Editor’s Note: Following the Winter 2012 Austin College Magazine focus on “100 years of Science” at the College, we received notes from multiple alumni that a distinguished faculty member from the past century deserved recognition in such an article. While the issue was not intended as a comprehensive look at the 100 years, we recognize the contributions of Frank Clark Edwards indeed were significant. Since the late professor has two sons, David ’83 and Frank ’81, who are graduates of Austin College, we were able to gain some personal insights from David. The Edwards story continues through the experiences of David’s children Margaret, who graduated from Austin College in 2012, and David, Jr., who is a member of the Class of 2014.
Professor of Chemistry Frank Clark Edwards, according to his son David, arrived at Austin College in 1961 to coordinate the construction of Moody Science Center, completed in 1965. He was a key figure in the growth of the sciences and assisted the College in realizing much of President John D. Moseley’s vision in the 1960s and 1970s.His service also included work in implementation of the IDEAS program (Individual Development: Encounter with the Arts and Sciences), perhaps a foreshadower of the comprehensive education program that the new IDEA Center, with its science and technology focus, will continue in future generations.
David holds a fondness for Moody Science Center, which he described as “one of the best designed and implemented” campus buildings and “both timeless and in harmony with the original architecture of the campus.” He expressed regret that the new IDEA Center location required the loss of the original Russell Tennis Stadium, dedicated in 1974 with his father and legendary women’s coach Gene Day playing mixed doubles against the famous actress, dancer, and one-time Austin College trustee Ginger Rogers and her tennis partner. The family tradition continued, however, as Margaret ’12 was a Kangaroo tennis player.
The chemistry professor also served as director of a Moseley program known as the Total Institutional Project, which examined the nature of college leadership, its decision-making processes, and its augmentation of the new IDEAS curriculum. During his tenure, Edwards also served as chairman of the science department and as dean of educational research and development.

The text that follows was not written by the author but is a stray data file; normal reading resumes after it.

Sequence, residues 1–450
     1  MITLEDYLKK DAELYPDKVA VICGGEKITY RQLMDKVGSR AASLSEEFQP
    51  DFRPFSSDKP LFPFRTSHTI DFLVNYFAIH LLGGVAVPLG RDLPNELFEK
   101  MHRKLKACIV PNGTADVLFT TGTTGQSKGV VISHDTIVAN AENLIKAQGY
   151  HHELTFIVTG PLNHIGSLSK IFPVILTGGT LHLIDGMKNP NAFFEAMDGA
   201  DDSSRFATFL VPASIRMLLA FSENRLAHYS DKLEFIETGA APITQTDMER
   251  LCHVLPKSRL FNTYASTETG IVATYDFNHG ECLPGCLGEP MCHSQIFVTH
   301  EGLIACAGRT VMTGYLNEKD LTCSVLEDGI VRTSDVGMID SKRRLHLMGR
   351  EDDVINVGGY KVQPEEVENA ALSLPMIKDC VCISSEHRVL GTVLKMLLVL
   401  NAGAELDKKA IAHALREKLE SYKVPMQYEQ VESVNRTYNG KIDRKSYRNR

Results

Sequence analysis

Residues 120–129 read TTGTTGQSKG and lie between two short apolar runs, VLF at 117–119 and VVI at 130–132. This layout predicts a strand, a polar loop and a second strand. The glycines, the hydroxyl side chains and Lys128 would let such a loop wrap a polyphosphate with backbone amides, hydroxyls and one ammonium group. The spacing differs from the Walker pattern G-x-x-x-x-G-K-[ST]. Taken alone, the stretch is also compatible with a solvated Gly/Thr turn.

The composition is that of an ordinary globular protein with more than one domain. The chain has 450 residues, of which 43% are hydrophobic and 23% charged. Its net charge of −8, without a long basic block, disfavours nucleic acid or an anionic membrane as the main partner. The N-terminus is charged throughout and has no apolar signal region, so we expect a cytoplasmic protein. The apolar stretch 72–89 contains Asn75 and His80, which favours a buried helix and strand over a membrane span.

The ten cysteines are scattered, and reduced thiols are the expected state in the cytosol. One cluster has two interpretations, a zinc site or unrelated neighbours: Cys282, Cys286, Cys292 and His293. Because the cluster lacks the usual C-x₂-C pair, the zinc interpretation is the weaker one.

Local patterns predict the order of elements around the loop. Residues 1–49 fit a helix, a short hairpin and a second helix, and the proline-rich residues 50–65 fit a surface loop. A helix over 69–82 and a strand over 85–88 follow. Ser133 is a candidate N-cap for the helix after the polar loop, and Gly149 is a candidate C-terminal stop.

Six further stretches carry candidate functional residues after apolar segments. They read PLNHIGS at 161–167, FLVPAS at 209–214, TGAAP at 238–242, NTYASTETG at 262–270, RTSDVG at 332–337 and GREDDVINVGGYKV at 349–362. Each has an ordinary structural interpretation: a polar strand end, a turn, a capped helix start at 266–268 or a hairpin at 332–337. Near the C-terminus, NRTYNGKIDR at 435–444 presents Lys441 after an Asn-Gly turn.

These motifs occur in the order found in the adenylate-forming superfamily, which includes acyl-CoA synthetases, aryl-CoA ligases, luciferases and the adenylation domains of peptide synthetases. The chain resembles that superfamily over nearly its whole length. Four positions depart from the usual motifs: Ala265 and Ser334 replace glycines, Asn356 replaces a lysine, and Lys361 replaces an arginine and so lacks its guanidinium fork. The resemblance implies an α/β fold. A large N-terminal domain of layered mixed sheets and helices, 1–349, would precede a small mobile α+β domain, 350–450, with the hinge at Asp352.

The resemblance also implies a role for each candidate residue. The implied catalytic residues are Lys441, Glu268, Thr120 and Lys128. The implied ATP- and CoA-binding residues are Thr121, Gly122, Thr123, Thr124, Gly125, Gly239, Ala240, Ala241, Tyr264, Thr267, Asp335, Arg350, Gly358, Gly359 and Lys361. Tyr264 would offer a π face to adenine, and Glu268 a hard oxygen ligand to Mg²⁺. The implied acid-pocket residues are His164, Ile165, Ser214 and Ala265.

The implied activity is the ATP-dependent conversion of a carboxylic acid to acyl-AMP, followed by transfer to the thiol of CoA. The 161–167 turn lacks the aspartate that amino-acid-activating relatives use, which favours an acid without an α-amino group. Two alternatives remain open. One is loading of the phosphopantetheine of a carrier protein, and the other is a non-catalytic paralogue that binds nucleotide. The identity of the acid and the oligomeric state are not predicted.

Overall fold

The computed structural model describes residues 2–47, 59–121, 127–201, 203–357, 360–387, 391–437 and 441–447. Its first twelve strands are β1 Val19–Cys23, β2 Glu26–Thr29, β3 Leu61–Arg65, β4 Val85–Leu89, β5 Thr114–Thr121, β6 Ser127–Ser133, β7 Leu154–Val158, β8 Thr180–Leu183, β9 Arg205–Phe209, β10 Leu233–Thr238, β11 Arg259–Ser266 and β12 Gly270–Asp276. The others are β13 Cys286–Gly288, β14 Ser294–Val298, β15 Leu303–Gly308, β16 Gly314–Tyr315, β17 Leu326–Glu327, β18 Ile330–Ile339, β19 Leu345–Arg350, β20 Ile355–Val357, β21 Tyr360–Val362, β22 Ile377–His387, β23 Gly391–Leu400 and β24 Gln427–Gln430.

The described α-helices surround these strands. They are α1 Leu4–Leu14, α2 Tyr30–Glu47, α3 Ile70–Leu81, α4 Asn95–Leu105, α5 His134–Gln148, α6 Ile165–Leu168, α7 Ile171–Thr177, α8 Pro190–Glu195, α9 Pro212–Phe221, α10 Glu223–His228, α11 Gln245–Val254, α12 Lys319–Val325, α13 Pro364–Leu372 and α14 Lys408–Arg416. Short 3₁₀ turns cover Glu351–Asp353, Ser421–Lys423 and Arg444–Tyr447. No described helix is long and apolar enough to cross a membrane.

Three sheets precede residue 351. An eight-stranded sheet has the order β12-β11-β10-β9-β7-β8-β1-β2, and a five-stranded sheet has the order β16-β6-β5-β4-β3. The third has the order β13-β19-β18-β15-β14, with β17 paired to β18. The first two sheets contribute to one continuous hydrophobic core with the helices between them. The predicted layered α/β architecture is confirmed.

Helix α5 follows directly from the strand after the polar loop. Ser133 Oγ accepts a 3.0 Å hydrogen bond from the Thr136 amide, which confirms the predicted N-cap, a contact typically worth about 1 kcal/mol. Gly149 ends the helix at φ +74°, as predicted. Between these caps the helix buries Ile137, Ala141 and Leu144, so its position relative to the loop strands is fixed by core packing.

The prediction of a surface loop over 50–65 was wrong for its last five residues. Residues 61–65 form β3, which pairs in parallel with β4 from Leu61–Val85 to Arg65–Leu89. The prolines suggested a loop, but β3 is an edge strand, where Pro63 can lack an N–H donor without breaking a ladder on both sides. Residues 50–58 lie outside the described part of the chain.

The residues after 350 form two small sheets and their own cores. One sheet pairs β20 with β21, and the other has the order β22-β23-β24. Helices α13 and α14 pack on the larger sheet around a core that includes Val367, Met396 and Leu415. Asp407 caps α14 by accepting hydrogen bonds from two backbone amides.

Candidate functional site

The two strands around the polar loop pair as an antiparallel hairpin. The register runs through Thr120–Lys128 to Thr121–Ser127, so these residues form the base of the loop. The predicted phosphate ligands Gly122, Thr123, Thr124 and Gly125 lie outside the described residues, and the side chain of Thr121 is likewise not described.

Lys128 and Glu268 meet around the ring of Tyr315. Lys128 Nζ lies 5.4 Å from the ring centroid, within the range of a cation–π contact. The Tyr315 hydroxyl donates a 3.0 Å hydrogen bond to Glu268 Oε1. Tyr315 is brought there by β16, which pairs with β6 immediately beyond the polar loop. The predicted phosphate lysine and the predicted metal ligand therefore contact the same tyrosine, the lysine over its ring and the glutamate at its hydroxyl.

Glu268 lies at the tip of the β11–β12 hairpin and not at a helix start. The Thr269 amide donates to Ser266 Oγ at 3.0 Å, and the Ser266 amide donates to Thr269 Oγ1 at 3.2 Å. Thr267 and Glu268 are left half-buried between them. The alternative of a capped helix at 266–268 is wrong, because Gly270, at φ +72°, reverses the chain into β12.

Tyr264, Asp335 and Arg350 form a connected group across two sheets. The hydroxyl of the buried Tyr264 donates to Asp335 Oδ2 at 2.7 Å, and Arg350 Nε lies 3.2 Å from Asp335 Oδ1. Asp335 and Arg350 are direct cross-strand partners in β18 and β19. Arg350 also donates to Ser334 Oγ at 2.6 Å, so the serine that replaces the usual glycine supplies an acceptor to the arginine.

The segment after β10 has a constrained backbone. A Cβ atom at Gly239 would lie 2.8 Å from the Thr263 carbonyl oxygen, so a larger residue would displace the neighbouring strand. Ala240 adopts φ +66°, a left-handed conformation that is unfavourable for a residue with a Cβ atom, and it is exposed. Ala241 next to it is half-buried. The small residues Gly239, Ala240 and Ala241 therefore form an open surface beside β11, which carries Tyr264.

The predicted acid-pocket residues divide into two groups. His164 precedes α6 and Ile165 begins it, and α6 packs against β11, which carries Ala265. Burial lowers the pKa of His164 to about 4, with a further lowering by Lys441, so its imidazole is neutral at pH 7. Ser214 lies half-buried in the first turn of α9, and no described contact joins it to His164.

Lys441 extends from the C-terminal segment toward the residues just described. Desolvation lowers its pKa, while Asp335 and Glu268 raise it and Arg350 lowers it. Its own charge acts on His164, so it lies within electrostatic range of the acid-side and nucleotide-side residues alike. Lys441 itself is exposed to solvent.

Before joining the Austin College faculty, Edwards was involved in the Manhattan Project at Iowa State University, where he invented a quartz fiber microbalance (for which he was awarded his Ph.D.), and worked in plutonium experiments that his son said resulted in radiation exposure and ultimately, his father’s untimely death.
“Although my dad lived a relatively short life and was at Austin College for only 14 years, he was a remarkable man and accomplished many great things,” David said. “His students inspired him. He was an innovative teacher and was loved by everyone who knew him. He worked on the IDEAS Project up until his final days, taking his work with him to MD Anderson and literally working from his hospital bed until his illness became too advanced to continue. To this day, I still get emails from his former students, thanking me for the difference he made in their lives.”
Indeed, the hallmark of an Austin College professor.
More about the science faculty of the past 100 years will be available on campus this fall through a project undertaken by current science faculty Peggy Redshaw and John Richardson. They prepared an exhibit on the faculty and students of 1910 through 1940 in fall 2011 and are researching those of the next 30 years for a fall 2012 display in Abell Library.
Two Austin College chemistry majors hope to make their mark in the sciences, taking part in work that could have impact on future fuel sources and on health care. The two received National Science Foundation Research Experiences for Undergraduates (REU) awards this summer. Jessie Berger ’13 is working with inorganic research on molecular mimics of photosynthetic systems at Penn State, and Catherine McKenas ’14 has joined a bioanalytical team at University of Illinois Urbana-Champaign researching highly multiplexed, labelfree biosensors.Jessie, at left, plans to earn a Ph.D. in chemistry, but is undecided whether she will pursue work in academia or industry.
Catherine also plans to complete a Ph.D. in chemistry and work in academia and research.